Blue Ocean Strategy, a term from a book of the same title published in 2004 by W. Chan Kim and Renée Mauborgne, professors at INSEAD, is the simultaneous pursuit of differentiation and low cost to open up a new market space and create new demand. It is about creating and capturing uncontested market space, making the competition irrelevant. It is based on the view that market boundaries and industry structures are not a given and can be reconstructed by the actions and beliefs of industry players. You may ask how this relates to our work in medicine and the issues described above. Let me explain.

Let’s imagine that the prevailing experiences of many patients and many professional and non-professional staff in the healthcare system correlate with the experiences highlighted in my example (I believe it does) and that there is a great deal of dissatisfaction that exists within patients, health professionals, and other staff (I think there are). Let’s imagine that everyone, from health professionals to patients to staff, is looking for a completely different experience (I believe they are). Still, it simply does not exist or is, at best, rare and spotty. Then, it follows that there is truly a “blue ocean” out there where people, teams, and environments that create an alternative healthcare experience can establish a new environment that can only succeed. Here, success is defined as high-quality care, high-quality caring, meaning, satisfaction, and joy.

Let’s look at some of the questions that Blue Ocean Strategists ask about whether a blue ocean exists and place some answers:

What do we do well? 
Provide attentive observation, critical curiosity, beginner’s mind, and presence.

Why do professionals, staff, and patients choose us and stay with us?
Because these qualities meet the basic needs of individuals- professionals, staff, and patients, and lead to higher quality of care.

What do our competitors do?
They objectify professionals, staff, and patients and lose sight of the human being that is the object of the care.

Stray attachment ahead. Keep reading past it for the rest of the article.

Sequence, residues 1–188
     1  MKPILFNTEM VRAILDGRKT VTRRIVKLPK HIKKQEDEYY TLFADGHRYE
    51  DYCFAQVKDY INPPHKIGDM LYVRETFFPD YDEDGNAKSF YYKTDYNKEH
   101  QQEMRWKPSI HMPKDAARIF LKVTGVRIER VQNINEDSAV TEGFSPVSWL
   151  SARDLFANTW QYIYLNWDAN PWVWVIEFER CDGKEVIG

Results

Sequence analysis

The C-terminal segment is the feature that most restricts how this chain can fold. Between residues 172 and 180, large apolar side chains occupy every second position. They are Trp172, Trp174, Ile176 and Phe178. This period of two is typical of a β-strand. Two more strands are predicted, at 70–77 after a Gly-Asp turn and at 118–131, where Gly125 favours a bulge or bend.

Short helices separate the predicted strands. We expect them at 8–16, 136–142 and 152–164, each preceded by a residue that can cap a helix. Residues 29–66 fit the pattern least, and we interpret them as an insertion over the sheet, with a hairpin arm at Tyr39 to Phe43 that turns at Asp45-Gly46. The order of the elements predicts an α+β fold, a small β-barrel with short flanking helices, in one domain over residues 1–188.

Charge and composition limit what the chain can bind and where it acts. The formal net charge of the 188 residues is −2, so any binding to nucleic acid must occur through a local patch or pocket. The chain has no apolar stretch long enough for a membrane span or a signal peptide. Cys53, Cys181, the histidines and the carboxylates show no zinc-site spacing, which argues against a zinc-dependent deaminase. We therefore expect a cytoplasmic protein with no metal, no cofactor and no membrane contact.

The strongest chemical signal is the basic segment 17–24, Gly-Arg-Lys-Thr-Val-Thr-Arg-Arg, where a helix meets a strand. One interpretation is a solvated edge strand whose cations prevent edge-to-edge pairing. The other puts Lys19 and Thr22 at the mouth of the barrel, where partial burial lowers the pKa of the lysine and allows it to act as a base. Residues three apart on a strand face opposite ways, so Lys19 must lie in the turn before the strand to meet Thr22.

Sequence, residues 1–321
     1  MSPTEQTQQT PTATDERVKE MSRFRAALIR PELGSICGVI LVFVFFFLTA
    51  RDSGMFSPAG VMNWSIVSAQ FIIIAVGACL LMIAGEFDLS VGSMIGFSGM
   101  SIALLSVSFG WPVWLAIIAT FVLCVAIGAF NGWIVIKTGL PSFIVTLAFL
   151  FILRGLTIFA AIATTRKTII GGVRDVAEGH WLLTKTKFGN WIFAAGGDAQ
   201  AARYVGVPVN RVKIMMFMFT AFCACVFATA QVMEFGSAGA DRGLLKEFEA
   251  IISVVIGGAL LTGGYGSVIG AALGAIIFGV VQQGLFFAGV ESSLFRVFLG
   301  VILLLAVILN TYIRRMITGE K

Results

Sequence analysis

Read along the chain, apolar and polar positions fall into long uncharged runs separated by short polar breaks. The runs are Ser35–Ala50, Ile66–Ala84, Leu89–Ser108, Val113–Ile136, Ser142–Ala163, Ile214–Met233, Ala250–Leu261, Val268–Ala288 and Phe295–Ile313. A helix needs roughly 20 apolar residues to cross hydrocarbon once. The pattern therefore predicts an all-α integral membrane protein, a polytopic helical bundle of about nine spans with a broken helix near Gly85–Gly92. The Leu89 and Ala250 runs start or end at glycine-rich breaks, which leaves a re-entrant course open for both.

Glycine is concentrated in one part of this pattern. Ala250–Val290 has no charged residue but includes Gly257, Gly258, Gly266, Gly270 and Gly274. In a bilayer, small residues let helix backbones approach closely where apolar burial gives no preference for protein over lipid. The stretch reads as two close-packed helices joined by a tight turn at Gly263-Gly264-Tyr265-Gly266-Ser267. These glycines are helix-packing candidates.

Why might professionals, staff, and patients choose a different solution? 
Their need for high-quality, relational, compassionate, effective, and timely care is very important and is not being delivered.

Where are the red oceans (the opposite of blue oceans)?
They are everywhere- in hospitals, clinics, offices, among staff, and within leadership structures.

Which features and benefits do we compete head-to-head with our competitors?
The delivery of patient care. But we really don’t if we engage in the kind of care approach described.

What is our blue ocean?
High-quality, engaged, effective, compassionate, and timely care.

What do we provide our professionals, staff, and patients that no one else can?
High-quality, engaged, effective, compassionate, and timely care based on qualities of attentive observation, critical curiosity, beginner’s mind, and presence.

Each of us, through the cultivation of the qualities of mindful practice- attentive observation, critical curiosity, beginner’s mind, and presence- can find a blue ocean of opportunity, satisfaction, meaning, and work. May the currents take you to new vistas and new depths, and may you invite others along- the ocean is vast, and there is plenty of room.